I thought only old people died. My great grandpa passed away last year, and I do not recall anyone younger dying or having the possibility of dying. Not knowing whether my dad was going to live or die for a little over two weeks made me come to a realization that death is not strange. It is a fact of life.It doesn't matter if the person is young or old. Death is something that can happen at any moment.
Day after day, the phone rings. With each sharp sound, my fear intensifies, and I feel like I'm dreading the noise it brings. But after a few days, I realize it's not the phone ringing that frightens me-it's the news I receive once I answer it. My confusion is settled, and now I am overtaken by this overwhelming fear of never seeing my dad again and missing my mom. The longer he spends in ICU with the nurses not giving my mom any answers make my heart pound. How can they not know if he is going to make it or not?
Two weeks have gone by, and I finally see my mom. I run to her as fast as I can, and I don't want to let her go. "Can I see daddy? Has he woken up yet?"
I can see hesitation on my mom's face as she is not sure what to say. Then she quickly turns in the opposite direction of me and walks towards the nurses' station. Did I say something wrong?
My mom is fighting with the nurses, and she is being very stern with them.I am unsure what exactly she is saying, but I am worried.
The nurse walks over to me and then looks at my mom and says, "She cannot be in there long; she technically shouldn't go in there, but I understand you want her to see her dad just in case he takes a turn for the worse. Y'all have five minutes."
As we walk towards the ICU area where my dad is, my mom looks at me and says, "Now, Andrea, try not to look around too much in here okay? There are a lot of hurt people in here, but you are going to see your daddy."
I listen to my mom and focus straight ahead. My dad is in this room with several other beds with patients in them. I try my hardest not to look at the other patients, but it is very hard. He is in the second bed from the door, and he has an IV in his arm. I see his chest moving up and down as he breathes easily from what I can tell. He also has a brace wrapped around his neck. I slowly walk up to him, afraid if I move too quickly I will hurt him.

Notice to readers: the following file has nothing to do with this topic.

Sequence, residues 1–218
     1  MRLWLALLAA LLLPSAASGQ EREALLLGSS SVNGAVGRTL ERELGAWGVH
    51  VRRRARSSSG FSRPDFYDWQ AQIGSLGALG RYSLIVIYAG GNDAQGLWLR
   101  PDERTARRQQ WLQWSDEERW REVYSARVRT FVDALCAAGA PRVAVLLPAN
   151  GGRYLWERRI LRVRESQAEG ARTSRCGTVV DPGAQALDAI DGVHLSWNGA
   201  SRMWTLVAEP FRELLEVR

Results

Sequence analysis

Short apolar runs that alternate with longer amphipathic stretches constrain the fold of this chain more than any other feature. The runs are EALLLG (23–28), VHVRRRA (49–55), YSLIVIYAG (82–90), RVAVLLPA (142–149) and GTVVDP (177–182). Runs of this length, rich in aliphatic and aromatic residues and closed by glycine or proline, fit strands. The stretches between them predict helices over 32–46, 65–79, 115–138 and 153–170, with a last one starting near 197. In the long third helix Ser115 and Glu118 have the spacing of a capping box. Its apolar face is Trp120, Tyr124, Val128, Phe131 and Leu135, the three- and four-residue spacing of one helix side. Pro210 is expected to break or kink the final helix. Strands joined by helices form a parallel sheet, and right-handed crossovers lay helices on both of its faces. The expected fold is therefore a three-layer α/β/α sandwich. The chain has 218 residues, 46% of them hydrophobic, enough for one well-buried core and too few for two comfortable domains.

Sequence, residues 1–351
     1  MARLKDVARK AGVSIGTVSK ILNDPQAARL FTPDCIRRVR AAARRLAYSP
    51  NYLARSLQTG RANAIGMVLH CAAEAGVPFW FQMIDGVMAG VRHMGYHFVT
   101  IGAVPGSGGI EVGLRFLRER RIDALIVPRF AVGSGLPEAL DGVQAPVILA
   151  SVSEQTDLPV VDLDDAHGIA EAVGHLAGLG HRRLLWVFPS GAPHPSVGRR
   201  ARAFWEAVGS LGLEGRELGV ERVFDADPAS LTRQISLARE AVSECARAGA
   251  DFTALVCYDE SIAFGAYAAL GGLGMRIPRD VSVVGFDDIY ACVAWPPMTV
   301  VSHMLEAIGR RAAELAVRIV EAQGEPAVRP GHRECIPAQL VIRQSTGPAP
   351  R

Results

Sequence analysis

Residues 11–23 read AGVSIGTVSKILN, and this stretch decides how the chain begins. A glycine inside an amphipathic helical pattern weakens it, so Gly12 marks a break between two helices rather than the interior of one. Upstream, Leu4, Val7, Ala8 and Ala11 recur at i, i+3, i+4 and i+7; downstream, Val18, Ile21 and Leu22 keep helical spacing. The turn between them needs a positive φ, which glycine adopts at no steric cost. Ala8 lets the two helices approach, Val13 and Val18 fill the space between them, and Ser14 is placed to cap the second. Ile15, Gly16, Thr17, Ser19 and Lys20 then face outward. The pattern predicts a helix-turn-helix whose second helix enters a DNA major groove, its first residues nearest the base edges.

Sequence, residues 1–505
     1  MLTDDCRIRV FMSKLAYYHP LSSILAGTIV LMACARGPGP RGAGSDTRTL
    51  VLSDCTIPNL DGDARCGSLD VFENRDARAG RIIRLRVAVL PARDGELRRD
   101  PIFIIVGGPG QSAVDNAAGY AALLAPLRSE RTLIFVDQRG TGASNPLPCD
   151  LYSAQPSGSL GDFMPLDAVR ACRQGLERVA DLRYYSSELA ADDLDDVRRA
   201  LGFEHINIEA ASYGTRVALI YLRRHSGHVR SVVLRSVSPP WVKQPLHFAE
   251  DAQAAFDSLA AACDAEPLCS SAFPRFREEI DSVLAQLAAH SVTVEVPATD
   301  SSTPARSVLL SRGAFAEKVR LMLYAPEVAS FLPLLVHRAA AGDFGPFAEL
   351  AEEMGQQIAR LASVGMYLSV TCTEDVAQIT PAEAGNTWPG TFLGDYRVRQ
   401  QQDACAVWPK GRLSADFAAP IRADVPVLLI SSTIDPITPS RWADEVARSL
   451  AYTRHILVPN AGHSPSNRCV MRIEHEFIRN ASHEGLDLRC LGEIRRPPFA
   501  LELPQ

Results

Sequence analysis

"It's okay, Andrea. He can hear you and squeeze your hand. Go up to him and ask him to squeeze your hand if he hears you."
"Daddy, I love you. Please don't die." I tell him as tears quickly fall down my face. I'm afraid to ask him to squeeze my hand because what if he squeezes me too hard? I stand there looking at my dad and hope he opens his eyes.
When we walk back into the waiting room, I see Cody sitting up against the white wall crying. "What's wrong?"
"It's not fair. It is just not fair," he explains, "you get to see Andy and I can't. It isn't fair." His hands are covering his face as he tries to hide his tears.
"Cody!" I scream through my tears, "he is my dad, and he may not make it. If it were your dad in there instead of mine, I wouldn't be able to see him. It might not be fair, but it's the rules." I walk over to the green chair my mom is sitting in and hug her. I try to hold onto her as tightly as possible. I want my dad to wake up, and I want to stay with my mom, but David and Dana are ready to go back home, so I have to go with them.
I am so upset, I don't speak really, especially not to Cody who could care less that I may never see my dad again. He should be happy his parents are both alive and well, and he can be with them. I wouldn't want him in my shoes anyway. In the Suburban, I stay quiet as I want them to turn the vehicle around and just leave me with my mom. I know why I have to stay with them, but still.
We stop at a gas station on the way home and Cody comes up to me and offers me a bag of chips. "Hey, I am sorry about earlier, but I was really hurt that you got to see your dad and I couldn't."
"It's okay. I know you just wanted to see my dad. Maybe next time we go, you can." I say, trying to make peace between us. He still shouldn't have yelled at me. "I'm sorry too."